THN Prediction: Third in Western Conference
Key additions: Mathieu Schneider, D; Christian Ehrhoff, D; Mikael Samuelsson, RW; Brad Lukowich, D; Andrew Raycroft, G; Sergei Shirokov, LW
Key departures: Mattias Ohlund, D; Taylor Pyatt, LW; Mats Sundin, C
Twin brothers Daniel and Henrik Sedin don’t qualify for the ‘key additions’ category, but considering they could have gone anywhere else as unrestricted free agents, keeping them in Vancouver was a key signing by GM Mike Gillis.
The offense revolves around the Sedins just the way the defense is anchored by all-world stopper Roberto Luongo. Continued growth from Ryan Kesler, Mason Raymond and Steve Bernier will boost the secondary scoring, while rookie Cody Hodgson is the wild card. He has the credentials to step in and be an immediate hit if given ample opportunity on the top three lines.
Gillis made a concerted move just before training camp opened by adding mobility on the blueline in the form of Christian Ehrhoff and Mathieu Schneider. Vancouver’s defense was solid last season, but was at times plodding. Now the Canucks are five deep with defensemen who can move the puck quickly into the neutral zone, a trait the franchise has never enjoyed before. It was surely sparked by division rival Calgary’s signing of crafty Jay Bouwmeester.
THN Prediction: Fifth
Key additions: Jay Bouwmeester, D; Nigel Dawes, LW; Fredrik Sjostrom, RW
Key departures: Mike Cammalleri, LW; Adrian Aucoin, D; Todd Bertuzzi, LW; Jordan Leopold, D
Perhaps more important than the free agent signing of defenseman Jay Bouwmeester was the securing of coach Brent Sutter to guide a lineup studded with a half-dozen stars and a plateful of role players.
Players were given offensive freedom under deposed coach Mike Keenan, but as a group became irresponsible and scatterbrained defensively. Defenseman Dion Phaneuf regressed in a huge way both offensively and defensively and over-worked goalie Miikka Kiprusoff saw his save percentage sag for a fourth straight season.
Under Sutter, the Flames will surely start the season with a defense-first approach. Olli Jokinen has to step up and show he can produce for a full season, which shouldn’t be a problem playing on a line with Jarome Iginla. The loss of Mike Cammalleri will be felt, but candidates to pick up the scoring slack include Nigel Dawes and Rene Bourque. The Calgary defense with Robyn Regehr, Cory Sarich, Mark Giordano and sophomore Adam Pardy is among the top two or three in the league.
THN Prediction: 11th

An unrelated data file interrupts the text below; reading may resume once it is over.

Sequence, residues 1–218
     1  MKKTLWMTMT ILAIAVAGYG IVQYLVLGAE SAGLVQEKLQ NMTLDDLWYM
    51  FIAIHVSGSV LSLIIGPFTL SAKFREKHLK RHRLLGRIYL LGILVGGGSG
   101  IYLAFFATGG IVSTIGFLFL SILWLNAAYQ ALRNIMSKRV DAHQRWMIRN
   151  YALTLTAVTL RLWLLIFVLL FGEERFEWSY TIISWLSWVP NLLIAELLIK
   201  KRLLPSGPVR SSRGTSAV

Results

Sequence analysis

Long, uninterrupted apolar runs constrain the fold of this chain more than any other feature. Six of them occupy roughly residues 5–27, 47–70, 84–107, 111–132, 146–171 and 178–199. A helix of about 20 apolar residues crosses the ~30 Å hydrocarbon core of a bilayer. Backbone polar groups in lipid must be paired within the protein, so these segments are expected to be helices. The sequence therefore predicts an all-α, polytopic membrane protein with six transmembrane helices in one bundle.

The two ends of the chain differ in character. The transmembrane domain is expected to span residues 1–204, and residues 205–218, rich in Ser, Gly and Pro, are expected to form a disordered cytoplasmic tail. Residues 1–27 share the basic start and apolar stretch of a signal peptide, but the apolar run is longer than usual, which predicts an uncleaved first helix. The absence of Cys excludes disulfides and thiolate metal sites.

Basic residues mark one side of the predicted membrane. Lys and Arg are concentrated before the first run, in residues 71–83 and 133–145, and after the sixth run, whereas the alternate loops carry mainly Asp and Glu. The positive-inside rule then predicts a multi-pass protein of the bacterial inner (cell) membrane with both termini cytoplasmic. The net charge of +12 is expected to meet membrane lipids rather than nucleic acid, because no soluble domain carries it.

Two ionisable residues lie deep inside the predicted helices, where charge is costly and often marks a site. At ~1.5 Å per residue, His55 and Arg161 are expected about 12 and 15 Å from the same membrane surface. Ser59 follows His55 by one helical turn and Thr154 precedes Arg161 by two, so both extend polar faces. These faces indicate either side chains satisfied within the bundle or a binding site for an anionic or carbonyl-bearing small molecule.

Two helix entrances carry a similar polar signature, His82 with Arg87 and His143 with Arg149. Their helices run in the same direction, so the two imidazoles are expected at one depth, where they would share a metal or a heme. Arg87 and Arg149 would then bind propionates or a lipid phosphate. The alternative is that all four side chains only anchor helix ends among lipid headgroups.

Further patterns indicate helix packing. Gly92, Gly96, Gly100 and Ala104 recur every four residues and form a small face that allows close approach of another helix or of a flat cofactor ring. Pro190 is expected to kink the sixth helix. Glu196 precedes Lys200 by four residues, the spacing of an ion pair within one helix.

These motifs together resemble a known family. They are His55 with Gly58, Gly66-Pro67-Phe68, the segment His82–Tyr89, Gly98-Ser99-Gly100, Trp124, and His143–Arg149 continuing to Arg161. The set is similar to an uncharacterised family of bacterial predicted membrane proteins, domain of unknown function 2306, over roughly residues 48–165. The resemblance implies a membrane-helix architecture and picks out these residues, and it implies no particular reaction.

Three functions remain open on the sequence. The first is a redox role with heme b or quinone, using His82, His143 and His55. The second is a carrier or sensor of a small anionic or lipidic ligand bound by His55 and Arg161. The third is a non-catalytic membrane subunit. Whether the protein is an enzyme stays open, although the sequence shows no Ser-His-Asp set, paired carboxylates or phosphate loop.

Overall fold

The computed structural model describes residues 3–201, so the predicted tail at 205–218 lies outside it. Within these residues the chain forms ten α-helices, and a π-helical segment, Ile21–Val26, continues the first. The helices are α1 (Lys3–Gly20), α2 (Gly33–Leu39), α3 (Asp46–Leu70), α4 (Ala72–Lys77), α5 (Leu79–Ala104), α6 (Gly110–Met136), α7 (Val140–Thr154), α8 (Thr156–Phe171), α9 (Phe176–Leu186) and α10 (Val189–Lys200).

Key additions: Nikolai Khabibulin, G; Mike Comrie, C
Key departures: Dwayne Roloson, G; Ales Kotalik, LW
Not a whole lot has changed from a lineup that finished 11th in the conference last season. Dwayne Roloson couldn’t have played any better in goal, so there’s no guarantee Nikolai Khabibulin will be much of an upgrade. It’s up to new coach Pat Quinn to squeeze more out of a group of underachievers under deposed Craig MacTavish.
The speed and skill from the likes of Ales Hemsky, Andrew Cogliano, Sam Gagner and Robert Nilsson is undeniable, but the team lacks grit in the trenches on the top two lines. Much more will be expected from big teddy bear Dustin Penner.
There are no issues with skill and mobility on the blueline, but again the Oilers lack the toughness in comparison to Western Conference contenders. Edmonton needs to embrace Quinn’s strategies and find a way to get consistent scoring from more than just a few players.
THN Prediction: 13th
Key additions: Martin Havlat, RW; Kyle Brodziak, C; Greg Zanon, D; Shane Hnidy, D; Petr Sykora, RW
Key departures: Marian Gaborik, RW; Martin Skoula, D; Stephane Veilleux, LW; Marc-Andre Bergeron, D; Kurtis Foster, D; Dan Fritsche, C
It’s a brave, new world in Minnesota with the departure of the team’s original top pick and superstar Marian Gaborik and defense-first coach Jacques Lemaire. With Todd Richards behind the bench and Chuck Fletcher replacing Doug Risebrough as GM, the Wild will surely be a more exciting, risk-oriented team than previous editions. Mikko Koivu will lean heavily on newcomer Martin Havlat to spearhead the attack, but a lot depends upon the maturation of second-line players Pierre-Marc Bouchard and James Sheppard. More offensive green lights will boost their stats, but may not translate into more wins.
Niklas Backstrom will be tested like never before behind an unheralded defense corps led by Brent Burns. Newcomers Greg Zanon and Shane Hnidy are steady presences who offer toughness. The new version of the Wild are bound to experience growing pains under a whole new playing philosophy.
THN Prediction: 14th
Key additions: Craig Anderson, G; Kyle Quincey, D; Matt Duchene, C; Tom Preissing, D
Key departures: Joe Sakic, C; Ian Laperriere, RW; Ryan Smyth, LW; Andrew Raycroft, G; Tyler Arnason, C; Cody McCormick, RW; Ben Guite, C
The retirement of Joe Sakic will hit the Avalanche franchise hard this season and a handful of expiring contracts that were not renewed promises there will be a lot of young, new faces in the lineup. Top draft pick Matt Duchene will be given every chance to make an offensive difference and young prospects such as T.J. Galiardi and Chris Stewart will have to play themselves off the roster. More than ever, Paul Stastny is the go-to player and wingers Wojtek Wolski and Milan Hejduk must ramp up the production if the Avalanche are to be consistently competitive.
This is Craig Anderson’s big break between the pipes and he’ll have a cadre of proven veterans in front of him on the blueline, such as Adam Foote, Scott Hannan, Ruslan Salei, Brett Clark and J-M Liles. The lack of depth and experience on the second and third lines will make Anderson’s mandate to come up with big-game performances imperative.
Brian Costello is The Hockey News’s senior special editions editor and a regular contributor to THN.com. You can find his blog each weekend.
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